EXHIBITION ON VIEW
Face to Face: Portrait Photography from the Bank of America Collection
Face to Face: Portrait Photography provides a look at photographic portraiture through the lens of 56 different photographers, numerous photographic processes and a span of more than 160 years. The Bank of America Collection includes critically acclaimed photographs from the historic LaSalle Bank Photography Collection, which originated in 1967 when curator and photo historian Beaumont Newhall was hired by the bank to begin a corporate art collection. The result of his efforts, and those of subsequent curators, is a collection that spans the history of the photographic medium from 1839 to the present. Drawn from this collection, the works in Face to Face display the rich diversity of artistic styles and processes, used to record and express unique approaches to photographic portraiture.
Portraits speak to us in ways that other photographs do not. They help us visualize people from a time gone by or from distant cultures, and provide great insight into individuals as seen through the lens of the photographer. Face to Face looks at the idea of portraiture from the unique, single image of the daguerreotype (the first permanent photographic process) to the serial portraits of photographers Nicholas Nixon and Rineke Dijkstra, who follow their sitters over extended periods of time. Face to Face challenges any single definition of portraiture we may hold. It is an exhibition where each of us can find unique connections and personal meaning, allowing a better understanding of how photographic portraits can tell far more than just the story of a sitter. They connect us to a larger sense of the human condition.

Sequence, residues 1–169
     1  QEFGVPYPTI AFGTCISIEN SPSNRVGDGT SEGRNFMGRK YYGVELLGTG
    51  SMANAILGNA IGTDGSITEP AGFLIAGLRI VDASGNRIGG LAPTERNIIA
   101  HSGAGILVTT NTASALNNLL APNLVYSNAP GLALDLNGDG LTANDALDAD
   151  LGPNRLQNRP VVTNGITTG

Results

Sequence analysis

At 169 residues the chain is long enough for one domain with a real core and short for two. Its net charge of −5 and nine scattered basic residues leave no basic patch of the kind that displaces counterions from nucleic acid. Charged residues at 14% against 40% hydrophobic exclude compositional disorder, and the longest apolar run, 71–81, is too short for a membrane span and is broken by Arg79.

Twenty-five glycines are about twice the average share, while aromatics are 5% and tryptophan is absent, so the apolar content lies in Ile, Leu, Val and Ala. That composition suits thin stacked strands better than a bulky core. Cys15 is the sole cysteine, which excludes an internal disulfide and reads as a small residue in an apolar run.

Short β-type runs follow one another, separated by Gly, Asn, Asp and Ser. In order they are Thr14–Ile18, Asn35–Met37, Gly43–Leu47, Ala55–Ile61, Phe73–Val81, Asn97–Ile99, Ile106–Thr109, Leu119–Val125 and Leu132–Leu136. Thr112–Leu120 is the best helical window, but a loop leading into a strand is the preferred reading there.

Arranged chronologically, the exhibition features the works of early photographers such as Matthew Brady, Julia Margaret Cameron and Roger Fenton; Modernist masters such as Brassaï, Manuel Alvarez Bravo and Walker Evans; postwar artists such as Diane Arbus, Henry Clay Anderson and Yousuf Karsh; and contemporary artists Hellen van Meene, Tina Barney and Ben Gest.